“You see hyper-realistic handling of firearms, along with Keanu and other John Wick characters actually running out ammunition at the right moments,” said Chris Cheng, “Top Shot” star and California-based weapons consultant. “In many movies, it seems like they have unlimited ammo. But what also makes John Wick’s gun handling interesting is even his reloads are interesting to watch.”

And there are a few alternate honorable mentions to go around.

According to retired U.S. Army soldier Boone Cutler, HBO’s 2008 miniseries "Generation Kill" strikes a special chord. 

“It really captured a lot. There was great audio, and the relationships between the guys nailed it. You could hear the guys changing magazines; they took hits and looked like they got hurt. The whole thing felt very realistic,” he said. “And there was an ambiguity to where the enemy was, a sense of being back on a 360-degree battlefield. It was a show that kept me up at night.”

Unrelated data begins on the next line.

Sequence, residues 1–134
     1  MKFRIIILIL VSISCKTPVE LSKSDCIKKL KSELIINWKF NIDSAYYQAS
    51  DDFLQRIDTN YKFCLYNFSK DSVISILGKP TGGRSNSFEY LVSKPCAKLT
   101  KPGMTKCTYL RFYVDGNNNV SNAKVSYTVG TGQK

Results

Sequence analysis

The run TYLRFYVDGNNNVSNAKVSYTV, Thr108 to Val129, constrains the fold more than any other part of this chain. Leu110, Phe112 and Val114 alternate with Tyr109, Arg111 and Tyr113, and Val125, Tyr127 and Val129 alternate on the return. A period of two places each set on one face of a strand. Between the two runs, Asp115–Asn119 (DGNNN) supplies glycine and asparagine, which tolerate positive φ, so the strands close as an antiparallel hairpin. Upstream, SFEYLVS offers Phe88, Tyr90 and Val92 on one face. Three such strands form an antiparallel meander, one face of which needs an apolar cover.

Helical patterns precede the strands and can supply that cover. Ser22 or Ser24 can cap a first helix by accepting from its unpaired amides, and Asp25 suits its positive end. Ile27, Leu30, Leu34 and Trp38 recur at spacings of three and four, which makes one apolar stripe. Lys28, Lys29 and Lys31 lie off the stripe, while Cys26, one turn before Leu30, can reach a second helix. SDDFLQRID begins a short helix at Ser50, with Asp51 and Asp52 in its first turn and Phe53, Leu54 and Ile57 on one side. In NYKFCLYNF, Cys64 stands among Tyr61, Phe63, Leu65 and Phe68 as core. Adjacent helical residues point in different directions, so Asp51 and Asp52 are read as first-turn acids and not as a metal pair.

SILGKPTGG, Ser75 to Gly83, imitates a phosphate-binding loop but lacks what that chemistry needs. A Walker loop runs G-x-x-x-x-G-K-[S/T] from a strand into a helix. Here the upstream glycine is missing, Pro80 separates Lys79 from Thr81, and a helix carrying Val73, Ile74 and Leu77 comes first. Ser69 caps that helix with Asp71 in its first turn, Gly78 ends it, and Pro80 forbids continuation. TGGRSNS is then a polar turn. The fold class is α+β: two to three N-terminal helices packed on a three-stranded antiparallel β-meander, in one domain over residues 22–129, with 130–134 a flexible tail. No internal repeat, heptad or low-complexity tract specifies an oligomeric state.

Then there is 2012’s “Act of Valor,” produced and directed by Mike McCoy and Scott Waugh, and starring active-duty Navy SEALs rather than actors. 

“They [filmmakers] had the buy-in from the Pentagon, especially from the Navy. Essentially, they wanted it to be an advertising flick,” Chacon said. “But the great thing was that they used real weapons, live ammo and tracer rounds. There wasn’t a lot of CGI except for an explosion or two, so the gunfighting we saw was legit.”

Furthermore, Peter Berg’s 2013 portrayal of the ill-fated Navy SEAL mission in Afghanistan dubbed “Operation Red Wings,” in which Mark Wahlberg plays the only survivor in the group, Marcus Luttrell, in the film "Lone Survivor" typically generates the thumbs-up for its meticulous shooting and firearms handling.